Canonical's brand-spanking new combination of Android and the Ubuntu Linux distribution is easily the most exciting software development for Android since Ice Cream Sandwich. Basically it packs an ARM-based version of Ubuntu into a standard Android phone, activating it only when docked to a computer via HDMI. The software and basic capabilities were announced earlier today, but a Canonical employee was nice enough to post a live demonstration of Ubuntu on Android to YouTube.
As promised, as soon as the phone (a Motorola Atrix 2) is placed in the dock, the full Ubuntu OS opens on the computer monitor. (A mouse and keyboard are probably connected via Bluetooth.) The phone is still running Android in the background, and Ubuntu has access to not only the files and folders on the phone, but the video out and apps as well, not unlike WebTop. Ubuntu uses the phone as storage and a network connection, and Android alerts show up on the desktop as well, keeping a user connected at all times.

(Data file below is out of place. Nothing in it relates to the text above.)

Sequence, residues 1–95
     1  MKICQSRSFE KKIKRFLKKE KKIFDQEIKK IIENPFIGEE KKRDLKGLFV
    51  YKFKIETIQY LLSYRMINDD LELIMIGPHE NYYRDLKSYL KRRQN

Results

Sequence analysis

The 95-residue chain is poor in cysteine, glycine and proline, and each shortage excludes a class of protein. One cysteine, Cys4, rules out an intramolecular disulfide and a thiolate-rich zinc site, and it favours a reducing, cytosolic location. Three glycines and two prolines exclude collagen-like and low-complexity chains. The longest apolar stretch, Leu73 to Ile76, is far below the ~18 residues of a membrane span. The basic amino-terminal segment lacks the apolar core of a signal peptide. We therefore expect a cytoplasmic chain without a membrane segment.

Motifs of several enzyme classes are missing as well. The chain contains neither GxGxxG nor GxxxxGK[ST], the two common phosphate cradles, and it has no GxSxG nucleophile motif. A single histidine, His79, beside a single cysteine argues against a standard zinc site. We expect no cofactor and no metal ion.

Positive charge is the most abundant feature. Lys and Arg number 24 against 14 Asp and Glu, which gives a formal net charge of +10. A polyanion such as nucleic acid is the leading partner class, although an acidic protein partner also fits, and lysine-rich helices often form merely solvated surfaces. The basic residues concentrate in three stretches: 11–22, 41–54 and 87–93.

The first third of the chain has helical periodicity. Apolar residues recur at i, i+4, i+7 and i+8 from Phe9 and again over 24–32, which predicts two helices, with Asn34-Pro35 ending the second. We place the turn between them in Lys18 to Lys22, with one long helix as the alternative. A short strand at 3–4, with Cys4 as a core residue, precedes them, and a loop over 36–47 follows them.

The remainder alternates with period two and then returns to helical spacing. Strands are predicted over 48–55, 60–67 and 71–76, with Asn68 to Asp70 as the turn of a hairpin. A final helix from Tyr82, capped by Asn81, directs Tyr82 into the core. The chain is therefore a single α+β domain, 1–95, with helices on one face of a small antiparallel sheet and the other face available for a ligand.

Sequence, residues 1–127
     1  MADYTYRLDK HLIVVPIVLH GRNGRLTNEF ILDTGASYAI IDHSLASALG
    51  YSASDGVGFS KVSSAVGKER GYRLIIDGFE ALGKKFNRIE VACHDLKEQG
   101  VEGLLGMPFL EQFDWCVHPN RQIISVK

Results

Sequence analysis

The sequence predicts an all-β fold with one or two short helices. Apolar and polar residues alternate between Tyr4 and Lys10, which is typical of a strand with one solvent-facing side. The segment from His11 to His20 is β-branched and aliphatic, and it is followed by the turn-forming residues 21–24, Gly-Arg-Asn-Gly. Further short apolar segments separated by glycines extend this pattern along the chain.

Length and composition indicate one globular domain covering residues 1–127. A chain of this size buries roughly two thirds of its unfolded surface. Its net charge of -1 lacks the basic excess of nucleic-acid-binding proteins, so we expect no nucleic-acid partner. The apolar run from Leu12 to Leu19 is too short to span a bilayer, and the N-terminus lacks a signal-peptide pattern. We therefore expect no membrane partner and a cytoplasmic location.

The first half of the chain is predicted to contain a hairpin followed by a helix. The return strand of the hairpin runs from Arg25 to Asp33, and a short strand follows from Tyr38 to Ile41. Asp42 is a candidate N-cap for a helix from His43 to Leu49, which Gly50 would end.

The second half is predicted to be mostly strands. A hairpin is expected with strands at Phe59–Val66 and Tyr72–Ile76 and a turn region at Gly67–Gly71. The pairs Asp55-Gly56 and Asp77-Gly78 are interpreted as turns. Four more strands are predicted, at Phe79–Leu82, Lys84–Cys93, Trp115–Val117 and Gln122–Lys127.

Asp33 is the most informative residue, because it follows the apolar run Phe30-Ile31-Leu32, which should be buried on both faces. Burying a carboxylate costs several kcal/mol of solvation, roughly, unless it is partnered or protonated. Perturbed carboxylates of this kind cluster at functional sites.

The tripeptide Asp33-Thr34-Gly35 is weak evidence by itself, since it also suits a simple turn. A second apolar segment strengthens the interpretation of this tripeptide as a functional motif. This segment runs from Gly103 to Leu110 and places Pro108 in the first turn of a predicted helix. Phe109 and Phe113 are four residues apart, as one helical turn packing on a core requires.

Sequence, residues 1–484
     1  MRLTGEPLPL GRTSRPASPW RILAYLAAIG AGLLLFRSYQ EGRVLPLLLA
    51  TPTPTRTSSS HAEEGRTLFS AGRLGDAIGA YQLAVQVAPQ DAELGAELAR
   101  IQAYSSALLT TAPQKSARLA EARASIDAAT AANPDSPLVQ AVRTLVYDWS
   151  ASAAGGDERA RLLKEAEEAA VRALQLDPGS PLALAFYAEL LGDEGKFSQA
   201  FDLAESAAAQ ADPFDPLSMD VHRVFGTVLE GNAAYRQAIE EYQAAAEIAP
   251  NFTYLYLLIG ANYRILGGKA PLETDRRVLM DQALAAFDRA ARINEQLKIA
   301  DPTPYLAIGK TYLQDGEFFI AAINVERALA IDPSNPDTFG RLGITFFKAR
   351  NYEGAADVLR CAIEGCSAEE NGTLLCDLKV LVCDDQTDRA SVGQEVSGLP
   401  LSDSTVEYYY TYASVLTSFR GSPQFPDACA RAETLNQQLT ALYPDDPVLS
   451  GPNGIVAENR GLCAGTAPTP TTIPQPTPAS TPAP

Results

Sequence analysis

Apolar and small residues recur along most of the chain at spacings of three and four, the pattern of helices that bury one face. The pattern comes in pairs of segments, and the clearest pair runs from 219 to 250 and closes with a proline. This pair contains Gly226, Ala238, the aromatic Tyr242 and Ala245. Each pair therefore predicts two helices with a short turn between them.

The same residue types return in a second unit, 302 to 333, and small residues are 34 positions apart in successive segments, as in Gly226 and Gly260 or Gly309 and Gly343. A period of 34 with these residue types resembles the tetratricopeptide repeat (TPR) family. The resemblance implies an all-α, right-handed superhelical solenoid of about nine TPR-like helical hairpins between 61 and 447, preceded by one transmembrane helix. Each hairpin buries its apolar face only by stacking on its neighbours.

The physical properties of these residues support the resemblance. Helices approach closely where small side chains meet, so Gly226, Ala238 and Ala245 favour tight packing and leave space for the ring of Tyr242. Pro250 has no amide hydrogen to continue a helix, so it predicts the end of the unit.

There are some important limitations: first, Canonical isn't releasing Ubuntu for Android to the public. They're hoping to license the software to manufacturers as an add-in on new phones, so no existing phones will be officially supported. Next, phones must have at least a dual-core process or and 512MB of RAM (understandable with all the power requirements) and HDMI-out to qualify. Lastly, Ubuntu is running on ARM hardware, so programs designed for x86 (i.e. most of the desktop applications out there) won't work immediately. Expect to see more out of Canonical in the next few months, and perhaps the first Ubuntu on Android phones before 2013.